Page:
Ceredigion Coast Walk 1. Gwbert to St. Dogmael’s

This walk starts at The Gwbert Hotel, following the Wales Coast Path south to Cardigan Town across the River Teifi to the village of St. Dogmael’s in Pembrokeshire. It’s a 6 mile walk, ‘point to point’.

We set out on a bright, crisp late February morning joining the coast path directly opposite the hotel, walking along the top of fields which gently slope away towards the coast with splendid views towards North Pembrokeshire.


View south of Cemaes Head, Pembrokeshire.

A small car park provides a great viewpoint across the bay. Apparently this is a good place from which to see bottlenose dolphins and although we didn’t spot any, there was some short lived excitement provided by a family as they parked up with two young children exclaiming they had seen a dolphin. Their parents, using binoculars, scanned the bay intensely but with nothing to see told the kids they were mistaken. They didn’t take this too well and were still adamantly claiming “but it was a dolphin!” as their parents bundled them back into the car to depart!


The path continues downhill on a pavement alongside the main road and for a couple of hundred metres there’s no view of the coast or much else. A way-marker post points the way to a narrow track which emerges at an area of dune grass with a picturesque coastal scene.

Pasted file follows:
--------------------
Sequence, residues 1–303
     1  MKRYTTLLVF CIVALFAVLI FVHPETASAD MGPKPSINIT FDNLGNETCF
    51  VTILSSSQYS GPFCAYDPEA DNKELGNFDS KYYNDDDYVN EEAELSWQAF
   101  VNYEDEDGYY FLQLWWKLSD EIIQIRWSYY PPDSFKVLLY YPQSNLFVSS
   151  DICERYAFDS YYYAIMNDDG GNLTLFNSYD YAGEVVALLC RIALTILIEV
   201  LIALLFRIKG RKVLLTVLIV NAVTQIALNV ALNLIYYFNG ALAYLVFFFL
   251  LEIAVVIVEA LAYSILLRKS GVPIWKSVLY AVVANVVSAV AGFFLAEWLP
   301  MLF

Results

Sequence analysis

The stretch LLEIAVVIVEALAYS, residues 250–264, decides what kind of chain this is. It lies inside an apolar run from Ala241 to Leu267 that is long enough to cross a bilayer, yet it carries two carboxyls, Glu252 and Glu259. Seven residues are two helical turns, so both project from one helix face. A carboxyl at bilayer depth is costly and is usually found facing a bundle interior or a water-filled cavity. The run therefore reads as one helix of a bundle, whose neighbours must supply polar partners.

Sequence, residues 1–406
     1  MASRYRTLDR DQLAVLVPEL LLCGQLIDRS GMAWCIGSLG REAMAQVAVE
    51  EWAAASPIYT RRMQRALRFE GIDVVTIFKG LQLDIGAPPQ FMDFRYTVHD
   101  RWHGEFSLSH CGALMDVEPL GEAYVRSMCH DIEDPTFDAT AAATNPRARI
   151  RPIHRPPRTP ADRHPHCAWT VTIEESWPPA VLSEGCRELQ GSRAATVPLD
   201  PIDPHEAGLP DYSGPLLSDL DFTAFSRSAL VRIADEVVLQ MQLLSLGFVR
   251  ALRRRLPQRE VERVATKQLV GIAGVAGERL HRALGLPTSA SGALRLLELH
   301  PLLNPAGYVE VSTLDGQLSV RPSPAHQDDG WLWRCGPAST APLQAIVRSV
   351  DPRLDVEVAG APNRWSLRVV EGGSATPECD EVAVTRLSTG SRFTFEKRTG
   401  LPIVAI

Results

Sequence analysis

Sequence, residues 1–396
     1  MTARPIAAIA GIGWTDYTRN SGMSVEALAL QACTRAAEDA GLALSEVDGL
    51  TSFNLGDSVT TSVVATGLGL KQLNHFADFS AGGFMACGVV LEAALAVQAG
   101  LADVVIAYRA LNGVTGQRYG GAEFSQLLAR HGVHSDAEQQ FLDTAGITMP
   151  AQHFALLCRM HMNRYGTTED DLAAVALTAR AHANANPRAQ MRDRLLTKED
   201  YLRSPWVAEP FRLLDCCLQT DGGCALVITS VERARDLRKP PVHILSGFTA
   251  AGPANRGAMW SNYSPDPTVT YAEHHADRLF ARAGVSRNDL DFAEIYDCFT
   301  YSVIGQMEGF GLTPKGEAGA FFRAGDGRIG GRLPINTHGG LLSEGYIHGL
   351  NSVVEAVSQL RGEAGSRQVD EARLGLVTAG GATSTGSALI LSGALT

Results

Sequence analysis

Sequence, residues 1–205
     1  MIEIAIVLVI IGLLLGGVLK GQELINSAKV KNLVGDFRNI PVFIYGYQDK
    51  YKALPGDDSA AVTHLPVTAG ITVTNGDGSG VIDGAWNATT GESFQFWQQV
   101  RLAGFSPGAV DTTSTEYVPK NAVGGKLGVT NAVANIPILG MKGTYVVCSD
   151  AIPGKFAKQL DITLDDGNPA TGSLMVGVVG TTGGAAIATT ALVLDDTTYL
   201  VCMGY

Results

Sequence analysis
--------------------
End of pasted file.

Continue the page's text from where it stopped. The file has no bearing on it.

C7DE0400-A5EE-4964-81BD-D67F306C2CDFWe followed the coast path around a holiday caravan park to a shingle bank at the shoreline near a sailing club boat yard, the only sounds on the breeze were a few boats gently bobbing around.

FD3B71F5-FBD9-495D-8061-814511540BD0We walked up a slipway and joined the pavement along the main road, following the course of the estuary as it meanders inland. The path heads away from the highway passing a boat repair yard and onto a countryside trail flanking the River Teifi estuary. It was a really pleasant countryside walk with a chorus of birdsong from the hedgerows as we crossed the numerous farm fields.


The track descends gradually through fields and eventually brings us alongside the bank of the River Teifi and the Quayside in Cardigan.


There was a lighthearted moment here as a swan was strutting confidently along the footway, providing some amusement for a few locals. We wondered if he was walking the Coast path too.